Even snacks took place outside while respecting the environment.

The parent also shared about how the experience allows children to connect to the world around them “On a personal note, I have been delighted to hear about my daughter’s experiences every day after school. When she comes home she is excited to tell me about the caterpillars that they found today, and she wants to “upcycle” all our cardboard recycling to promote environmental friendliness! I love to see her engaged in the world around her, connecting to the world, and using that connection to fuel environmental consciousness.” This was indeed the hope of the project. We know that environmental issues are very important to today’s students. They speak about them and engage in dialogue about the issues often. And, yes, this includes our youngest learners. A fond memory for myself this year was watching our school’s Eco Team that included leaders from K-3 meeting in our Discovery Hub and discussing topics related to the environment.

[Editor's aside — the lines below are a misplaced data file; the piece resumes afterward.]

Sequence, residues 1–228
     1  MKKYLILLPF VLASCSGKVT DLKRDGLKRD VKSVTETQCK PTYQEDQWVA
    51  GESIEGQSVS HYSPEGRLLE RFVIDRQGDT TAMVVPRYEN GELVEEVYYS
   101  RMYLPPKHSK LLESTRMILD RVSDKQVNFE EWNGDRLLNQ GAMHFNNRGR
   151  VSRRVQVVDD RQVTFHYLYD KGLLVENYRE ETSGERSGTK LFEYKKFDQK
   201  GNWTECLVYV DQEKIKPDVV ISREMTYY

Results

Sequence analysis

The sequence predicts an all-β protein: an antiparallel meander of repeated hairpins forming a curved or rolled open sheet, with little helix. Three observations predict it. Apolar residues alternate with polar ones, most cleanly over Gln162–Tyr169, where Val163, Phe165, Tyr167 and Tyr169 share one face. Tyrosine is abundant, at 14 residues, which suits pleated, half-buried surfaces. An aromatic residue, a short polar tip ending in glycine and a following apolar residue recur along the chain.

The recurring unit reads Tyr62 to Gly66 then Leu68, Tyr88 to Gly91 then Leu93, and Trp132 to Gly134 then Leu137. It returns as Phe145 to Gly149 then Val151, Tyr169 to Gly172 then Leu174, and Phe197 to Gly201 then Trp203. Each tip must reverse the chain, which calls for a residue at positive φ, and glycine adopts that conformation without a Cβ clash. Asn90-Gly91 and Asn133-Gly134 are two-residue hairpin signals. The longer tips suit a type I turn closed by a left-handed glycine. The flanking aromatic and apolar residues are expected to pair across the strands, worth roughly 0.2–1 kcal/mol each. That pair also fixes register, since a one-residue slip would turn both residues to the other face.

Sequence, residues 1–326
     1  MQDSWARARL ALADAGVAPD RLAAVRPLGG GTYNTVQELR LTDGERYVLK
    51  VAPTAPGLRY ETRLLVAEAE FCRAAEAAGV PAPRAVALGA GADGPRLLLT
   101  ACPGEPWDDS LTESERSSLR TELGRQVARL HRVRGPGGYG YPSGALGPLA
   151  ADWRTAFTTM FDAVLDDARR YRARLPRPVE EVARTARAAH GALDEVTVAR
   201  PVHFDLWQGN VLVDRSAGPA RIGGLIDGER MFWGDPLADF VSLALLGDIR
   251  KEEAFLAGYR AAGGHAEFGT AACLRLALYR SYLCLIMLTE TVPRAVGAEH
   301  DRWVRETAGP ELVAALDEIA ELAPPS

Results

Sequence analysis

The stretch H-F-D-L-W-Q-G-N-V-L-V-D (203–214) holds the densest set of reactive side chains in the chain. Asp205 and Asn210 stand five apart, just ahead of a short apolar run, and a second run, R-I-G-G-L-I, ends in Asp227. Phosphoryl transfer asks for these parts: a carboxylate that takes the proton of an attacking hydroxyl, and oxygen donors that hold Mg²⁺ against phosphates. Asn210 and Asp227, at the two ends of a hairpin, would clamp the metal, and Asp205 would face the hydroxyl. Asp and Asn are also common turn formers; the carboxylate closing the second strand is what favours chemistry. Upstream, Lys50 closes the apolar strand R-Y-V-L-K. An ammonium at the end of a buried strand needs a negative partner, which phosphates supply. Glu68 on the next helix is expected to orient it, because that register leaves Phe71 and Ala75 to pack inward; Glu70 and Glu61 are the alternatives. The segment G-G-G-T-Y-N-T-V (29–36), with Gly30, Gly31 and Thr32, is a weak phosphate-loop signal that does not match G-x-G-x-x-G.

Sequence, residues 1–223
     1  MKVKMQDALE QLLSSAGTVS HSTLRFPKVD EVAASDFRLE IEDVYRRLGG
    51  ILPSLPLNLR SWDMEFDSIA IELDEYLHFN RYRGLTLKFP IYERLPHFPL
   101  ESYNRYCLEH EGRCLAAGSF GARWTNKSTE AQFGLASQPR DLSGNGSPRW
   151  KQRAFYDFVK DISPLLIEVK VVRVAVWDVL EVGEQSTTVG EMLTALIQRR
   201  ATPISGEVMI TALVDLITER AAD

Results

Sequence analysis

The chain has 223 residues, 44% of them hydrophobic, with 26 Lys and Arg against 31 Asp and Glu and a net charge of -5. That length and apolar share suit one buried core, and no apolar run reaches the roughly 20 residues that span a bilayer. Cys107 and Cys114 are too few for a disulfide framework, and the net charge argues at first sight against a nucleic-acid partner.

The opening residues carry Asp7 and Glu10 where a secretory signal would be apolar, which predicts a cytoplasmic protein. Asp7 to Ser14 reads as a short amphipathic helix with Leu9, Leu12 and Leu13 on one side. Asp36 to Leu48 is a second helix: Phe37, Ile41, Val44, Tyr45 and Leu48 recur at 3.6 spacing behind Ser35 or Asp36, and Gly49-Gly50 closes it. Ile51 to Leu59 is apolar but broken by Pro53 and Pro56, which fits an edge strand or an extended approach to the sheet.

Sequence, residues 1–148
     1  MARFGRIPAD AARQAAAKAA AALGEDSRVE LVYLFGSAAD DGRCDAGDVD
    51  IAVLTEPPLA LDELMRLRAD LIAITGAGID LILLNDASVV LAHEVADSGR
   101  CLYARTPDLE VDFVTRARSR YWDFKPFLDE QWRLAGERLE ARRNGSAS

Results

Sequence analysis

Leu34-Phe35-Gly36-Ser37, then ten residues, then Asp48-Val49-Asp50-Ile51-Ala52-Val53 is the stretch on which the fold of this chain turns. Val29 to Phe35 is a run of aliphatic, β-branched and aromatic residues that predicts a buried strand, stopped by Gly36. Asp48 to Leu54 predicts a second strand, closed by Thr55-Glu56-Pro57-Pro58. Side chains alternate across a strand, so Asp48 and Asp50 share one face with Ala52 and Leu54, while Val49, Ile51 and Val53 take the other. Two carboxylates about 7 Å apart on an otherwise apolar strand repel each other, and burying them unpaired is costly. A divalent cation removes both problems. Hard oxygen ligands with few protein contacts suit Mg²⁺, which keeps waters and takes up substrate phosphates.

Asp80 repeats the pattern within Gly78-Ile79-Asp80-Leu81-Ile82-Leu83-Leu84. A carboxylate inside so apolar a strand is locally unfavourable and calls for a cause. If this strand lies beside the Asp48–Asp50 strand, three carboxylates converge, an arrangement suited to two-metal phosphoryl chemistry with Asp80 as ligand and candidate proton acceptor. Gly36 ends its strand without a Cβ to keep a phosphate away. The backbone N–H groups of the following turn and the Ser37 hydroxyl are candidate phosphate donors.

20150529_091645Finally, I loved the following thought: “One observation that I found interesting was the placement of a man-made playground area, new and fully-equipped, within approximately twenty feet of the edge of the forest. And it occurred to me that not one child seemed interested in leaving the forest to play at the park. It also made me reflect upon how a child plays in the park compared to how he or she may play in the forest. In the park there are pre-set activities: you swing on the swing, slide on the slide, and climb on the monkey bars. But what I was observing with the children playing within the forest was very different. A fallen log became a rocket ship. One child told me that he was chasing a pink and blue bunny rabbit through the forest. The difference was that they were using their imaginations! The playground had activities, but the forest was full of possibilities.” Indeed. We all need to reflect on this observation and consider the “why” behind the engagement. What does this tell us about the conditions we, as adults, set for learning to occur? Rather than it all falling to adults, the weeks in the forest have very much been about adults, and children developing learning opportunities together through inquiry, talk, exploration, observation and discovery. Thanks to everyone’s hard work and vision, we have tapped into something very exciting.

A week in the forest….here’s to many more.


Mr. Collins